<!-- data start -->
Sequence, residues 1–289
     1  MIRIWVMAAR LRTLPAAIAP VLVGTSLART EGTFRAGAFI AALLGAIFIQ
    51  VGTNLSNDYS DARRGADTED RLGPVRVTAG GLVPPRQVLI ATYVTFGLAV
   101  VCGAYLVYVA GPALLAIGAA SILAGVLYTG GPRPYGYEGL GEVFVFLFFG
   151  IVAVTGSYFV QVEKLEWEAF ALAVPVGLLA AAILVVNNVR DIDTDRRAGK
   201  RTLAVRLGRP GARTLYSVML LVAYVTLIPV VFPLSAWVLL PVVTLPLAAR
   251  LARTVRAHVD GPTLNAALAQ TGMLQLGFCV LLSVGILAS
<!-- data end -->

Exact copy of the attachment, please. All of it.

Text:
Sequence, residues 1–289
     1  MIRIWVMAAR LRTLPAAIAP VLVGTSLART EGTFRAGAFI AALLGAIFIQ
    51  VGTNLSNDYS DARRGADTED RLGPVRVTAG GLVPPRQVLI ATYVTFGLAV
   101  VCGAYLVYVA GPALLAIGAA SILAGVLYTG GPRPYGYEGL GEVFVFLFFG
   151  IVAVTGSYFV QVEKLEWEAF ALAVPVGLLA AAILVVNNVR DIDTDRRAGK
   201  RTLAVRLGRP GARTLYSVML LVAYVTLIPV VFPLSAWVLL PVVTLPLAAR
   251  LARTVRAHVD GPTLNAALAQ TGMLQLGFCV LLSVGILAS